Telling Our Own Stories: Lumbee History and the Federal Acknowledgment Process

Telling Our Own Stories: Lumbee History and the Federal Acknowledgment Process

The American Indian Quarterly
Volume 33, Number 4, Fall 2009
pages 499-522
E-ISSN: 1534-1828, Print ISSN: 0095-182X

Malinda Maynor Lowery, Assistant Professor of History
University of North Carolina, Chapel Hill

Being part of and writing about the Lumbee community means that history always emerges into the present, offering both opportunities and challenges for my scholarship and my sense of belonging. I was born in Robeson County, North Carolina, a place that Lumbees refer to as “the Holy Land,” “God’s Country,” or, mostly, “home,” regardless of where they actually reside. My parents raised me two hours away in the city of Durham, making me an “urban Indian” (or as my cousins used to say, a “Durham rat”). I have a Lumbee family; both of my parents are Lumbees, and all of my relatives are Lumbees—I’m just a Lum, I’m Indian. This is how I talk about myself, using terms and categories of knowledge (like “home” and “Lum”) that have specific meanings to me and to other Lumbees but may mean nothing special to anyone else. Stories and places spring from these categories and become history.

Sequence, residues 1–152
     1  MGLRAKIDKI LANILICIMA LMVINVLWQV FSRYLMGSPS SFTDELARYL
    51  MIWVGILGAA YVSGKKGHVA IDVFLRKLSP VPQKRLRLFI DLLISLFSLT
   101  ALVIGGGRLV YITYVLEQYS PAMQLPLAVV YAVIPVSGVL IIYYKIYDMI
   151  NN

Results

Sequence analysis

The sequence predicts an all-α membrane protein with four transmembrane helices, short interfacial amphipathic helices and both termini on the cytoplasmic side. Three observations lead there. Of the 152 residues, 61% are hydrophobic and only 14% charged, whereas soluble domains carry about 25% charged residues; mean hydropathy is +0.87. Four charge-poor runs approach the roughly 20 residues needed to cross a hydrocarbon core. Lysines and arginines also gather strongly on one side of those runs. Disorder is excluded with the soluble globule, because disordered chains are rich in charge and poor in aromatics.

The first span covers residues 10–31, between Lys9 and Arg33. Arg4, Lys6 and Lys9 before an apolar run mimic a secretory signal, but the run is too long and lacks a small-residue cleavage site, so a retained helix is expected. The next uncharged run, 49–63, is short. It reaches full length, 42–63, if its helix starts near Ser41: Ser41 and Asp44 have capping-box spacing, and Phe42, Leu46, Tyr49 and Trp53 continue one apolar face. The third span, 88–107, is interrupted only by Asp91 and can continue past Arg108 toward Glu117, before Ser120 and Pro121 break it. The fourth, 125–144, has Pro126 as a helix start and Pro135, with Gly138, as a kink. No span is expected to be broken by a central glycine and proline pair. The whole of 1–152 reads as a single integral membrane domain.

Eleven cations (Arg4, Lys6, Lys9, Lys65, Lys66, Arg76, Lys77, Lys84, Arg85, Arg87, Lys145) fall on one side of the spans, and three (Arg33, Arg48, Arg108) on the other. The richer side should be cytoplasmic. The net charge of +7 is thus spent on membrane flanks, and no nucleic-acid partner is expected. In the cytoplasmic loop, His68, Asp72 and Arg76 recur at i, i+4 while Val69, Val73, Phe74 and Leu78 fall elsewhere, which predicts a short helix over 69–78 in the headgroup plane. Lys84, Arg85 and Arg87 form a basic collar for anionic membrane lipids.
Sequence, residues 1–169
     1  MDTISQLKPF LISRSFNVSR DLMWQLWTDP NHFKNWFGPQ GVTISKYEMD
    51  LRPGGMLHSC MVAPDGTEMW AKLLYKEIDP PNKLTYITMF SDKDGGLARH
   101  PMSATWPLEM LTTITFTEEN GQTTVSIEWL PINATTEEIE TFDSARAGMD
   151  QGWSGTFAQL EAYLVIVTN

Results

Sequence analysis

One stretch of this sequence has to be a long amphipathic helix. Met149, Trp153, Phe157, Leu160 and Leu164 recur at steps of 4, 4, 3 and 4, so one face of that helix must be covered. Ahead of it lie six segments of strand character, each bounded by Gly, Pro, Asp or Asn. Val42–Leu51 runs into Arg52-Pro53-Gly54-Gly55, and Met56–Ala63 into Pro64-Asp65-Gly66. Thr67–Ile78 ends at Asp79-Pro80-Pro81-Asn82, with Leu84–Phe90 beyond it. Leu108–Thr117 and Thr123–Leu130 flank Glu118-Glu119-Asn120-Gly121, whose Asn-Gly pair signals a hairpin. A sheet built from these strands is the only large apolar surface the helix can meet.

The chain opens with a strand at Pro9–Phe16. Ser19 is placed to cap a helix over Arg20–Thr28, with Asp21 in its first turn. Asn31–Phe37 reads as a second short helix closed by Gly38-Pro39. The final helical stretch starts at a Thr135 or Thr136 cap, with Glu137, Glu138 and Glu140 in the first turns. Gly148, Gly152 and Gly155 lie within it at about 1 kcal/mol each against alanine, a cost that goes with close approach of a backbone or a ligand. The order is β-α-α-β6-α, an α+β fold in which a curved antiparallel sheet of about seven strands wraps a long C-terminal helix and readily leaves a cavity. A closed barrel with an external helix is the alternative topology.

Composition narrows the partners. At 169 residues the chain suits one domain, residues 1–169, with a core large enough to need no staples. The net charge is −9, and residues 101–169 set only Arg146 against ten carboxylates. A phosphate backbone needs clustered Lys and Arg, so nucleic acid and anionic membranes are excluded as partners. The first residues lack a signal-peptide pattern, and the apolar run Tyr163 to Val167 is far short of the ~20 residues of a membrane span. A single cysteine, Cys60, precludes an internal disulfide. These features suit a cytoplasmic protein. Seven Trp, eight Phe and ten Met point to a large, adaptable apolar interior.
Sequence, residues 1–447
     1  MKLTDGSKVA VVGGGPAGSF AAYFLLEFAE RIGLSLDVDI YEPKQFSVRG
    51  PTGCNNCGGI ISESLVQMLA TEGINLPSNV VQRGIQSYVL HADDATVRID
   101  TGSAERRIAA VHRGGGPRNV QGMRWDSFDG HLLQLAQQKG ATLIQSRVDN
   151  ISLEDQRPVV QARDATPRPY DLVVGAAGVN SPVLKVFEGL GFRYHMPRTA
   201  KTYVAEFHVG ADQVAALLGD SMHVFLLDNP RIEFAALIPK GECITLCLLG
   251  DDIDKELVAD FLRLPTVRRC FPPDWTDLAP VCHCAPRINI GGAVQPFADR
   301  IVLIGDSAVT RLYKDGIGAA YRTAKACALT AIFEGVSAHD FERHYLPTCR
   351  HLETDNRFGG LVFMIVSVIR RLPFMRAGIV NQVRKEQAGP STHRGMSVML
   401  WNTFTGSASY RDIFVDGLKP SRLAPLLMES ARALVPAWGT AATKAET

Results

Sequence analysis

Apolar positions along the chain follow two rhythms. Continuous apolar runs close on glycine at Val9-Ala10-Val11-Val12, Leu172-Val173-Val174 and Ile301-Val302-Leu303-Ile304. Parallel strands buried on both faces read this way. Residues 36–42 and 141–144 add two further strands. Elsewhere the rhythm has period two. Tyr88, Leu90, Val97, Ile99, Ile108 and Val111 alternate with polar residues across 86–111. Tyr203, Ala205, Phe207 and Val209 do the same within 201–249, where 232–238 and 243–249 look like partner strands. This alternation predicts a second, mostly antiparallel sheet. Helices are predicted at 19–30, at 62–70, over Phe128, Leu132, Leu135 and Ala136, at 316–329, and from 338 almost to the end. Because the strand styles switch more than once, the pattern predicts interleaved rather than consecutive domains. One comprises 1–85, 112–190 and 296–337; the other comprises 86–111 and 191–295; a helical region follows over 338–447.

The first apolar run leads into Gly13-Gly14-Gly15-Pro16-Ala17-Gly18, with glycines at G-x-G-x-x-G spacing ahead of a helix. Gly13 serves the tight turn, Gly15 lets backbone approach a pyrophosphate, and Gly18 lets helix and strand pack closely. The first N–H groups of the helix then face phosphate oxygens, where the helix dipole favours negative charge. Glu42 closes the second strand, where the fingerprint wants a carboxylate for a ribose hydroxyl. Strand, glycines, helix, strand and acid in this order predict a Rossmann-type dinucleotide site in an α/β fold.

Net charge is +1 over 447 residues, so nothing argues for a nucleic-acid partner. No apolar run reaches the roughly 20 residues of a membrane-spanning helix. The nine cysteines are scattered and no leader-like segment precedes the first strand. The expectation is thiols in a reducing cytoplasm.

I was drawn to researching and writing about my People’s history in part because the opportunity to tell our own story was too rare for me to pass up. Outsiders, people who do not belong to the group, have told our stories for us, often characterizing us as a “tri-racial isolate,” “black Indians,” or “multi-somethings.” Lumbees seem to have a particular reputation for multiracial ancestry. Perhaps our seemingly anomalous position in the South raises the question—as nonwhites, the argument goes, whites must have classed Lumbees socially with African Americans; therefore, Lumbees must have married African Americans extensively because they could not have married anyone who was white. At the heart of these arguments are two converging assumptions: one, that ancestry and cultural identity are consanguineous rather than subject to the changing contexts of human relations, and two, that white supremacy is a timeless norm rather than a social structure designed to ensure the dominance of a certain group. Race has been linked to blood and ancestry…

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